It wasn’t only the water and the sand that attracted me. It was also the idea of living in a small town, a summer town where almost everything closed down after Labor Day, not to reopen until the following May. It also had a rich history, kept alive by memories of Paragon Park, where several generations rode the carousel and big wooden roller coaster. The amusement park had closed decades before I arrived, but whenever I mentioned I lived in Hull, the first words out of the listener’s mouth were a tale of Paragon Park.

There was more to the history of Hull than an amusement park. The first night baseball game was played under electric lights on a field in Hull. Because of its location at the entrance to Boston Harbor, many ships foundered off its coast, and the Life-Saving Station with a team led by Joshua James was famous for its rescues. Today the station is a museum and well worth a visit. And then there was the shadier side of Hull’s history.

Local historian John Galluzzo has written several books about the town, and I met him at various local events where he was selling and signing them. (I never dreamed I’d be selling and signing books myself one day at events like that.) Anyway, I’m not sure whether it was in a conversation with him or a credit in one of his books that started me on the hunt for a book named Old Nantasket by one Dr. William M. Bergan.

It turned out the book was out of print and almost impossible to find. And so I grabbed the only copy I eventually came across, even though the cover was water-stained and creased. Later on there was another printing, and I bought a new copy. But I’ve also held onto the old one just in case.

Dr. Bergan, a dentist, was a member of the Old Ring, a corrupt organization run by Boss Smith, that controlled everything in the town. If you remember your history, think Tammany Hall, but on a smaller scale. Later in life, he was moved to write the history of those days. The drinking, the gambling, the houses of prostitution, and the elegant hotels where people like President Grover Cleveland came to stay. They were entertained by the likes of Harry Houdini and Jenny Lind. The wealthy of Boston built summer “cottages” in Hull to get away from the heat in the city. The less wealthy took a steamboat from Long Wharf or the train for day trips.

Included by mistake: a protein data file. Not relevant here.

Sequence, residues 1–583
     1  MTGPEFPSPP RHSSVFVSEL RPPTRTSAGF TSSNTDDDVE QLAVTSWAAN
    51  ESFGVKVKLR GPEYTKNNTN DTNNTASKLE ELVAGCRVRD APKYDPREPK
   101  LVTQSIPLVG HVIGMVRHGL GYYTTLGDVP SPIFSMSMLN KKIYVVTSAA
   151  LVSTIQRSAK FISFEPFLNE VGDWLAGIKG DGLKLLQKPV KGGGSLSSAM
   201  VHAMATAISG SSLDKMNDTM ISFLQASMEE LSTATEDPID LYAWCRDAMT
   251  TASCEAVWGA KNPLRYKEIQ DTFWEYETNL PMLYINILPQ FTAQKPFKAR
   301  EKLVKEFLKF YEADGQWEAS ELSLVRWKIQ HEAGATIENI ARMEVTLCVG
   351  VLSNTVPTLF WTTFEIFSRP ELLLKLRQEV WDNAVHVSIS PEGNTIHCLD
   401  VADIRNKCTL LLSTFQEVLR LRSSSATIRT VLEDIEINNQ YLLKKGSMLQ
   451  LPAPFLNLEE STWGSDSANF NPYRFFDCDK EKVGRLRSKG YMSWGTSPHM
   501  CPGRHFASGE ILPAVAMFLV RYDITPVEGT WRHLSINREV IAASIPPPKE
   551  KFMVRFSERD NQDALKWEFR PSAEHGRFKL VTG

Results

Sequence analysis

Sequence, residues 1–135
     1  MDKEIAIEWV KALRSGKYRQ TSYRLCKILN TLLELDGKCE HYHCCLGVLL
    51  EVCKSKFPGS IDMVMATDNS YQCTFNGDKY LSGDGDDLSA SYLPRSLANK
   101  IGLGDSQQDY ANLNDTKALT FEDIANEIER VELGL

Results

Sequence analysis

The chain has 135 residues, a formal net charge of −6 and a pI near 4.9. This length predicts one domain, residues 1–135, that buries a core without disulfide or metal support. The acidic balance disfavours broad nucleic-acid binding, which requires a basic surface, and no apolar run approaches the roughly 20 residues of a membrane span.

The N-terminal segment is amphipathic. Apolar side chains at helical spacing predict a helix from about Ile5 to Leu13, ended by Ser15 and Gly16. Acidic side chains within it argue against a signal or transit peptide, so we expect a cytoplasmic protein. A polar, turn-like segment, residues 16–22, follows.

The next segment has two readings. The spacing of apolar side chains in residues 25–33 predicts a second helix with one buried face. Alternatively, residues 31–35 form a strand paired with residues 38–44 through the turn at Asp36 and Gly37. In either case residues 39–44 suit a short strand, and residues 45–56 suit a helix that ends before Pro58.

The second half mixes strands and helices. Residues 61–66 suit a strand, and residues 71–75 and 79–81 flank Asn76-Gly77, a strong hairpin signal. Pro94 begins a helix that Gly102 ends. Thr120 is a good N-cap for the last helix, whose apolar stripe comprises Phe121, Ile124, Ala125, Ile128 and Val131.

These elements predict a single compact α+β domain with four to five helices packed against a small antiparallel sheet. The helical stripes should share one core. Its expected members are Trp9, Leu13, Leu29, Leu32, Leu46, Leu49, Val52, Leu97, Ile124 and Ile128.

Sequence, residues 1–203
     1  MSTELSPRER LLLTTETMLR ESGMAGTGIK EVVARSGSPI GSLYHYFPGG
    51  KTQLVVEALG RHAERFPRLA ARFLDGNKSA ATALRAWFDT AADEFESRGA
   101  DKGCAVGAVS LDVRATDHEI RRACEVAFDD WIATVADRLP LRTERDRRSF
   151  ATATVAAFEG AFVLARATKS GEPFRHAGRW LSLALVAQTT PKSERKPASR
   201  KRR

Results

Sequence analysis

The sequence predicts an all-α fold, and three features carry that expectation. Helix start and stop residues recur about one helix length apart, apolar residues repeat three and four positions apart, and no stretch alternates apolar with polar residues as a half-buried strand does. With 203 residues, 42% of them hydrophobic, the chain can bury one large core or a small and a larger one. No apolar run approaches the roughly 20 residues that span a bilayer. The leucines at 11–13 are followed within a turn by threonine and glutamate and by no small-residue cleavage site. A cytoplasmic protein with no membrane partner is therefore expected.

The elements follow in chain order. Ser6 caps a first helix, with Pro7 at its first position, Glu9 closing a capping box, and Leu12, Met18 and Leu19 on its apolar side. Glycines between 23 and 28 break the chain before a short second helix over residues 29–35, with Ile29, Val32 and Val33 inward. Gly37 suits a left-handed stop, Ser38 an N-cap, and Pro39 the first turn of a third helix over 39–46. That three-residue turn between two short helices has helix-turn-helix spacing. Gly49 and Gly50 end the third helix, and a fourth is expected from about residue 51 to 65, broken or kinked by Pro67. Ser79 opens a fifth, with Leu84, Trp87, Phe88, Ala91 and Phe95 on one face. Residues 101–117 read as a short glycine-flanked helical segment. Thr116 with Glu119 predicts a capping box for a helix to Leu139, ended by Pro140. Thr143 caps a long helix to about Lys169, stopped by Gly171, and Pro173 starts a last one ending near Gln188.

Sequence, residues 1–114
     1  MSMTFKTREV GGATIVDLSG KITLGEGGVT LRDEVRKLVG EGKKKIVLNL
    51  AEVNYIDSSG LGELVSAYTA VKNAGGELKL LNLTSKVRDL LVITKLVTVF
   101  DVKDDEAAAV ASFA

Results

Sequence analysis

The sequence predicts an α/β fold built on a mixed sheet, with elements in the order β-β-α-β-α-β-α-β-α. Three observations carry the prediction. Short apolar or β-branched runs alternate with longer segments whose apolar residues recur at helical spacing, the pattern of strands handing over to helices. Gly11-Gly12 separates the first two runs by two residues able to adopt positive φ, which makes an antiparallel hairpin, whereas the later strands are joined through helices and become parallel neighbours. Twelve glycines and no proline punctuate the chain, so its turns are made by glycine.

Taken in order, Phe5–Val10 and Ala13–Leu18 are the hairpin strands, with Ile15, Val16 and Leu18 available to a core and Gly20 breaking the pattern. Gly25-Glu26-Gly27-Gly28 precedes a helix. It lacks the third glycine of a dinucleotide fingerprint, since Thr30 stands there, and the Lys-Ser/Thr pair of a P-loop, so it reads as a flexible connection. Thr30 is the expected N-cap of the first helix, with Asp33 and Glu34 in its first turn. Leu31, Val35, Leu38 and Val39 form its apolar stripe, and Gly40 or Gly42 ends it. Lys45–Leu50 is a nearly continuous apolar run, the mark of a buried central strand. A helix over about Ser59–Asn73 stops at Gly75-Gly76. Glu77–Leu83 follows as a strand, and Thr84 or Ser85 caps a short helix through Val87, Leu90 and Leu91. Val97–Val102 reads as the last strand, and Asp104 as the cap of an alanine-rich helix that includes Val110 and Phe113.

Dr. Bergan writes in a frank and folksy style, often with his tongue planted firmly in his cheek. In addition to being informative, the book is a delight to read. I’ve borrowed several incidents that occur in the Shipwreck Point books from real events described in Old Nantasket. Oh, and if you’re wondering about the name, Nantasket is what the Indians called the peninsula, and what the beach is still called today.

So there you are. You never know what events in your life will inspire a book, much less a series. I’m glad one of the them was getting to know Hull, Massachusetts.


December 13, 2021 - Resting?

Monday, December 13, 2021

After several years in a row of pushing to publish a new book by the end of the year, this year I decided I would allow myself to rest between Thanksgiving and New Year’s. I’d enjoy the holidays, read and watch movies, and see what kinds of activities I could go to.

As Robert Burns said:

The best-laid schemes o’ mice an’ men

Gang aft agley, 

What happened?

An odd thing happens toward the end of the year. With a new year on the horizon and a blank slate to start over, I begin to think about what I’ll be doing then. Like most writers, I set goals for myself each year, generally consisting of write more words, publish more books, and learn new things.

“Learn new things” is my kryptonite. With sales on courses during the week after Thanksgiving, I couldn’t resist buying a couple. And opening up that particular Teachable school reminded me of several other courses I’d accumulated earlier in the year by taking part in a Kickstarter for the author that gives them. Oh.

And lots of authors are giving one last push with webinars and presentations to sell their courses in an effort to boost their income. While I’m not going to buy another course this year, I am tempted to attend the free teasers. Today I spent an hour watching a presentation on how to use Goodreads to gather more readers and sell more books. Since I’d much rather spend time on Goodreads than Twitter or Instagram, it sounded like a worthwhile use of my time. I think it was, but now I’ve got a whole bunch of more stuff to do.

Plus, I promised a writer acquaintance I’d read and review her latest book in December and I haven’t even started it.